When the issue of putting up a fence around the women's prison in Shakopee was heating up a couple of years ago, Dennis Hron rigged up a model to show what it would do to the neighbors around it.

"It would be 9 a.m. before the sun would rise on one side of the street," he said last week. "And on the other side, the sun would set by 3:30 or 4 in the afternoon."

It's just one reason why he and others are worried that a proposal they've managed to beat back before, may be returning in 2008: the addition of a 10- to 12-foot fence to a correctional facility that has long been treated as a campus.

While robustly defending the need for such a fence, the Minnesota Department of Corrections isn't commenting yet on whether it will push for one next year.

"Our bonding request is not fully developed," said spokeswoman Shari Burt, "so we can't give you a definitive answer at this time."

But Mayor John Schmitt and other city officials say the issue is coming back.

"It is my understanding that senators responsible for bonding were taken by the site the other day and were told about it," said Mark McNeill, the city administrator. "I haven't seen anything formal in terms of proposals."

If state officials pursue the fence, said Hron, a former Scott County commissioner who lives across the street from the prison, they could be in for a court battle alleging broken promises, much like the one that neighbors of Minneapolis-St. Paul International Airport lodged when promises of soundproofing were withdrawn.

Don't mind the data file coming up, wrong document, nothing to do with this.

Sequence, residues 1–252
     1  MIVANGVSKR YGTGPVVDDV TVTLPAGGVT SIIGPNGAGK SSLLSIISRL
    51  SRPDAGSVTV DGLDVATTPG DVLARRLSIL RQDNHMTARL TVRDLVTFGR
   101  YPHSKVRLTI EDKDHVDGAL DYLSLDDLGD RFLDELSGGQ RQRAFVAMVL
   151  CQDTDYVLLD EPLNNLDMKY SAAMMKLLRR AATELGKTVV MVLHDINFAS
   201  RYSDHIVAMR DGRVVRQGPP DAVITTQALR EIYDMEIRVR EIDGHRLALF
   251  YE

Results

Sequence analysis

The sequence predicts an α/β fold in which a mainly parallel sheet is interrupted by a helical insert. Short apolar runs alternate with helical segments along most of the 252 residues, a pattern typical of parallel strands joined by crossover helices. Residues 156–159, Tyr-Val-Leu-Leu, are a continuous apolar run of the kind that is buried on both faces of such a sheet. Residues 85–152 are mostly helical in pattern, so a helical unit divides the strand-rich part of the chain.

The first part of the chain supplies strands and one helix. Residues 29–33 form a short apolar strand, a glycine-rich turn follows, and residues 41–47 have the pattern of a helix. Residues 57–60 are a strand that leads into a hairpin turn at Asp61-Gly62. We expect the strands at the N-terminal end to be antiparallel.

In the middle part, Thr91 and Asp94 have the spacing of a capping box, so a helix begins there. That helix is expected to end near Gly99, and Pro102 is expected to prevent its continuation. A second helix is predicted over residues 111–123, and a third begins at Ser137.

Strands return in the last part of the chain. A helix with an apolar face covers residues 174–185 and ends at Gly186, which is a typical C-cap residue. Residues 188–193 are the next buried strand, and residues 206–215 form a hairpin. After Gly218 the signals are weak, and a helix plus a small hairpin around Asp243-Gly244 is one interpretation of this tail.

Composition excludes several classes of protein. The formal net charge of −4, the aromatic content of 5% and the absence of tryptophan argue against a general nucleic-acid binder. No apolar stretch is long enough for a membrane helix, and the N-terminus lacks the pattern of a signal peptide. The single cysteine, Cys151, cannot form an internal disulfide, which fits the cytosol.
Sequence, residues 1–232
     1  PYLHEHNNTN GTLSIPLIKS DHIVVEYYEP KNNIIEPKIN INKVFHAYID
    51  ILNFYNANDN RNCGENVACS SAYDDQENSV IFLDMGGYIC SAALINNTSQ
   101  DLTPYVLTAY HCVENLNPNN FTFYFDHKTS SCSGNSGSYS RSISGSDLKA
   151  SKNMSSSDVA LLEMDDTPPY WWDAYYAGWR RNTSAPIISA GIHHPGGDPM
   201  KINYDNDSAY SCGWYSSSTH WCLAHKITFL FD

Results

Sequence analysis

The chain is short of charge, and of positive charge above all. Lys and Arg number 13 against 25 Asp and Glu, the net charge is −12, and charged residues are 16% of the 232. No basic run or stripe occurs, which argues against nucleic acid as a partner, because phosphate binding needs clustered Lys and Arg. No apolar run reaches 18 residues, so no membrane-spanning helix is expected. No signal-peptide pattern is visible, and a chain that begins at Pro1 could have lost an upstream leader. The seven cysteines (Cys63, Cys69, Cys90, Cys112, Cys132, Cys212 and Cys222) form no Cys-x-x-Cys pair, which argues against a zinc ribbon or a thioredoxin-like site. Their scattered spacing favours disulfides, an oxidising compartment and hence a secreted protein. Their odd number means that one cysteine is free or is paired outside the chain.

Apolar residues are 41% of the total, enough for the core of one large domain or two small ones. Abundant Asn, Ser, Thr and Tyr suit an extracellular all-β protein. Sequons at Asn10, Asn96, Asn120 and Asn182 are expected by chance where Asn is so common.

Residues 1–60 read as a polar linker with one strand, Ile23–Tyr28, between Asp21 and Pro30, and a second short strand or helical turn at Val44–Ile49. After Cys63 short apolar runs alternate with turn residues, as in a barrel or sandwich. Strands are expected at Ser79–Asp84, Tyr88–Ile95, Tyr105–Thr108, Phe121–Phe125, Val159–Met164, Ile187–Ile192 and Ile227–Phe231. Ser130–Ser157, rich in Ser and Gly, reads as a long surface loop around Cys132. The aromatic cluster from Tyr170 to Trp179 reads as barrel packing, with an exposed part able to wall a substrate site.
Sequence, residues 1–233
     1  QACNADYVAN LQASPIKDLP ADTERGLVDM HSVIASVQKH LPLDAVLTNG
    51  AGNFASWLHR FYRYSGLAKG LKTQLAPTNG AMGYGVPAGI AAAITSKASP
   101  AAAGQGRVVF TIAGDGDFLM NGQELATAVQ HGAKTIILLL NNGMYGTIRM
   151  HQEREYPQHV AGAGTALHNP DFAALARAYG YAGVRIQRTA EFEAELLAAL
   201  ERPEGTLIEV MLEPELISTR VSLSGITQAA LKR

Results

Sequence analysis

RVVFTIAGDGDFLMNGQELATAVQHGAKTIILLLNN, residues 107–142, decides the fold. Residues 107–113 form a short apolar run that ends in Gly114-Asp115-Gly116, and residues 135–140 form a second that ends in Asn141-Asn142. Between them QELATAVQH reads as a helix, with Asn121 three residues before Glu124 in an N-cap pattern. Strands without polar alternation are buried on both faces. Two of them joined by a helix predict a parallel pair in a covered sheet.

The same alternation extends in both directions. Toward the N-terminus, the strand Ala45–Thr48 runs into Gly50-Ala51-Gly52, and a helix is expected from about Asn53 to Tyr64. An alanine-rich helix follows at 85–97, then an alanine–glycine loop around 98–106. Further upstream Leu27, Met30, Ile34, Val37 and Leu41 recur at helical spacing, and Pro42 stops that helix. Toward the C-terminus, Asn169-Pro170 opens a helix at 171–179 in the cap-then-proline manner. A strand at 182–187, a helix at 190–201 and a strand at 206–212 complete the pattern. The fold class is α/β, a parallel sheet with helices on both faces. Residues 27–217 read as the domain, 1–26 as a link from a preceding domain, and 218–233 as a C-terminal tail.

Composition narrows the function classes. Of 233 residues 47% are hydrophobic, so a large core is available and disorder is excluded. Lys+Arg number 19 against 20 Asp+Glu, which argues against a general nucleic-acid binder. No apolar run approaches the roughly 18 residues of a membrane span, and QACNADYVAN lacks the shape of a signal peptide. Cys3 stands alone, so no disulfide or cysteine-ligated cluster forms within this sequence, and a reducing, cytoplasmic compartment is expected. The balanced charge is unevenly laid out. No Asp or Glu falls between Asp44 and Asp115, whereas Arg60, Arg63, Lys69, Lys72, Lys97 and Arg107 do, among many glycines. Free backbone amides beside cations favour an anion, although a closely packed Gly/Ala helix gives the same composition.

"Appraisers and Realtors are indicating that a fence could cause a 10 to 15 percent drop in property values," Hron said. "That would be bad enough normally, but today it's on top of a drop in values that we don't need to compound. We're going to pursue other avenues first, but a class action suit is something we'd explore for sure."

Neighbors say the city has always been promised a campus-like feel, not a fortress, and Schmitt agrees.

"I think part of our approach would be to go back and hold the Department of Corrections to their word, that there would be no fence," he said. "If they're changing that, then what would the city get out of it?"

Burt defends the idea of a fence on three grounds:

• Public safety: Harm caused by an escapee, either encountering people outside or fleeing in a vehicle waiting outside.

• Staff or inmate safety, in the form of an intruder coming in. "Many of the female inmates have had domestic violence issues and restraining orders against their abusers," she said.

• Introduction of contraband, such as drugs or weapons, onto the grounds.

Two years ago, when the issue last warmed up, corrections officials warned that there are plenty of women in the prison for violent offenses and that seven inmates have walked away from the facility over the years. Since then, Burt said, no one has left, and officials know of no "serious incident" caused by walkaways in recent years.

Hron added, wryly: "One walkaway did end up in the living room of a house, but to their dismay it was owned by a policeman. That was many years ago. I remember another one who went to a concert and then came back on her own!"

The character of the women's prison has long been an issue. In 1986, as a replacement prison near the original one was about to open, the Star Tribune reported that it was being criticized as more of "a country club than a slammer," with attractive grounds, a spacious gym, a game room with pinball and video games, and no fence.

In addition to the issue of a fence, Schmitt said, is the more basic one of what the state plans for the future as inmate numbers rise. A facility surrounded by homes, by an elementary school, by a swimming pool, is no place, he said, for an institution that might have to be twice the size of the existing one in the decades to come.

"We have to start recognizing that we have to create another prison some place other than Shakopee," he said, preferably one with more room for expansion than the existing site. "Let's get out our crystal ball and get to work on that."

David Peterson • 612-673-4440